1. You would need to use a statistical analysis rather than anecdotal stories to make a definitive case, one way or another, for the quality of life position. This is not to say such anecdotes can’t provide useful evidence, but they can not rule the “success” or “failure” of a quality of life argument. This would go for either side of the case.

    2. A person’s desire to live cannot be used as the measure of whether that life has more happiness or misery. Humans have a strong instinct for survival, despite situations of misery (such as years of torture with little hope for escape). Even in such extreme cases suicide is relatively rare, despite overwhelming misery, because the survival drive, important to continuation of the species, is strong.

    3. In a quality of life argument, we must remember that all living entities are to be considered, including the mother, family and extended family, the community, and arguably any sentient beings (will vary depending on your views of sentience).

    • Thanks for your response, Kaziraya. It’s refreshing to have a reasoned discussion on this topic. I think there are a few things to be said in response to your points, though. First, are you seriously going to decide this by statistics? They are irrelevant, because the examples I gave, along with the relative rarity of suicide, are sufficient to destroy any presumption that you are doing the fetus a favor by “saving” it from its presumably dismal circumstances. In the absence of any such presumption, you are being presumptious to decide to kill it. Second, whether a person has 51% happiness versus misery is beside the point. Most people want to live even with what we would consider a large amount of misery. Again, your presuming to make the decision for them without consulting them is deprived of the moral high ground that quality-of-life thinkers try to give it. Third, must all living entities be considered? Seriously? How many of them would have to decide that *your* life wasn’t worth living before they would have the right to terminate it?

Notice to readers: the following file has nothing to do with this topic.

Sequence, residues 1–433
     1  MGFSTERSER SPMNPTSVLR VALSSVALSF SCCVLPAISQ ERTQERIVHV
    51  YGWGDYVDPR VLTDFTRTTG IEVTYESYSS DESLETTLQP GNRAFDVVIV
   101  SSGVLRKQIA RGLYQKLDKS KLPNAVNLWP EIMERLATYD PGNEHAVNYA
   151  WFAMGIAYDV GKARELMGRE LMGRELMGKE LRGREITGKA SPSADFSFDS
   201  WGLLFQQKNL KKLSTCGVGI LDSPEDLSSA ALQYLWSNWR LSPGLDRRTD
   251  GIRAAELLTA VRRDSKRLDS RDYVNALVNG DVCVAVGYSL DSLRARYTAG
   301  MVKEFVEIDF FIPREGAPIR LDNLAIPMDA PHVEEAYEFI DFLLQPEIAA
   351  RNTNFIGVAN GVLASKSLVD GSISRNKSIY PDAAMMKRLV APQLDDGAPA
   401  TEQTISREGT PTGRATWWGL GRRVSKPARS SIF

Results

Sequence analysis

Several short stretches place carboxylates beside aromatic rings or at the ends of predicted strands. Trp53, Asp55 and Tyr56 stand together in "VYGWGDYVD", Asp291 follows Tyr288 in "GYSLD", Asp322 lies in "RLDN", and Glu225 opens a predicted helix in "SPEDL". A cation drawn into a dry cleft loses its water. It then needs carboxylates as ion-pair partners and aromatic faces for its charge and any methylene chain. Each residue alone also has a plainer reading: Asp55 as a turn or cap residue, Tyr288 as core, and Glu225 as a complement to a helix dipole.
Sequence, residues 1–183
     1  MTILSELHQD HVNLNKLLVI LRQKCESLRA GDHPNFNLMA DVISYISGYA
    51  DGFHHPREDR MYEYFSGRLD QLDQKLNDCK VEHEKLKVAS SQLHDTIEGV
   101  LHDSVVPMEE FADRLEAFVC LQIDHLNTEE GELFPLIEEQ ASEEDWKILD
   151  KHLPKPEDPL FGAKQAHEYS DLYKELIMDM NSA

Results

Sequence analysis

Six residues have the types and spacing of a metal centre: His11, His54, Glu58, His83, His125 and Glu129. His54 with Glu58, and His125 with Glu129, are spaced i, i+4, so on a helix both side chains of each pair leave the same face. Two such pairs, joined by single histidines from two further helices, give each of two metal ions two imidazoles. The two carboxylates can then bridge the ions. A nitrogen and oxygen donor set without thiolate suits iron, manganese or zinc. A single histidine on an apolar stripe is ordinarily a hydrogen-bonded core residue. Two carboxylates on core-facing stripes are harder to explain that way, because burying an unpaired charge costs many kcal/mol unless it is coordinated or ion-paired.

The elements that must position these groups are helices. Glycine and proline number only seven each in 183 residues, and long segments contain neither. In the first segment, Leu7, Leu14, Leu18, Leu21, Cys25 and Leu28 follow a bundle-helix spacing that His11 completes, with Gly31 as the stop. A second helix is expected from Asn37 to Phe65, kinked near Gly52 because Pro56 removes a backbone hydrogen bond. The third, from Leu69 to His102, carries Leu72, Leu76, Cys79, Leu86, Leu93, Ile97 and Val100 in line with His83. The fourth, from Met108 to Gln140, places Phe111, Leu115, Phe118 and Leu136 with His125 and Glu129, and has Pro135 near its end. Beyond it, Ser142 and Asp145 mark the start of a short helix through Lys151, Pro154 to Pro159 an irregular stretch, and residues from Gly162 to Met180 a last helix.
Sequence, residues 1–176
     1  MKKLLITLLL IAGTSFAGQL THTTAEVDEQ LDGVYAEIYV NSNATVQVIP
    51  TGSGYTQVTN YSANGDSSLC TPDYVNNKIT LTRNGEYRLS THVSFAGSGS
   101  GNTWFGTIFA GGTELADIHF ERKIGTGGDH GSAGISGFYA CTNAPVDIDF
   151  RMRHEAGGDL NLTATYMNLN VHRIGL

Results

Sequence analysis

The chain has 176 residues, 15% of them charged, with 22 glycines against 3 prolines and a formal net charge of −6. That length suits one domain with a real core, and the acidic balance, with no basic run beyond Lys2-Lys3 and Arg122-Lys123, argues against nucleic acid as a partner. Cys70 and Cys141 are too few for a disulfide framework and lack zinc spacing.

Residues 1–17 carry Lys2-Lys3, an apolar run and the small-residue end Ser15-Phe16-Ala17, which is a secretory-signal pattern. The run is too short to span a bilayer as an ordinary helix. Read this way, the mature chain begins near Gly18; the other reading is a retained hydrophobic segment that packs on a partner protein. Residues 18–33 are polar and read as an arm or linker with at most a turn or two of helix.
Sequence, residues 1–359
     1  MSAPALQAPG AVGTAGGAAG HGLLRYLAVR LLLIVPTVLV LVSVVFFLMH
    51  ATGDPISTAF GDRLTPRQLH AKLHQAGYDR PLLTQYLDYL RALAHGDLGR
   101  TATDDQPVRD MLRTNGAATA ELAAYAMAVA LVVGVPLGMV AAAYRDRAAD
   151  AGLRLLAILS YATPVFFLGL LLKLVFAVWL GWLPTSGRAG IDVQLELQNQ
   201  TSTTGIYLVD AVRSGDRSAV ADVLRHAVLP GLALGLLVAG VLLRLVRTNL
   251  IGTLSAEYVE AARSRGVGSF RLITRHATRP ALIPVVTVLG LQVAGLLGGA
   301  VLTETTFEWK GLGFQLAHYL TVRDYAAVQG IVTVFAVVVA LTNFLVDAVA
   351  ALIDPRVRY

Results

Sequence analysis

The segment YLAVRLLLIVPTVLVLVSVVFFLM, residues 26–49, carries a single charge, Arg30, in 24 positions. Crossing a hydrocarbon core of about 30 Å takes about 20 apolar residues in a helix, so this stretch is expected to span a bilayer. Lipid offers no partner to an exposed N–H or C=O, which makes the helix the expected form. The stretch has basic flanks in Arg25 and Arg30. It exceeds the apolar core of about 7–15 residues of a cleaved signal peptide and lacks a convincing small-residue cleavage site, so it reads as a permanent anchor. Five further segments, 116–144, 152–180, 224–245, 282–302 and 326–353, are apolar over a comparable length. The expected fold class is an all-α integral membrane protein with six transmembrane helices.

2. eyeontheuniverse

    Thanks for your response. A few notes on your points:

    “First, are you seriously going to decide this by statistics? They are irrelevant, because the examples I gave, along with the relative rarity of suicide, are sufficient to destroy any presumption that you are doing the fetus a favor by “saving” it from its presumably dismal circumstances.”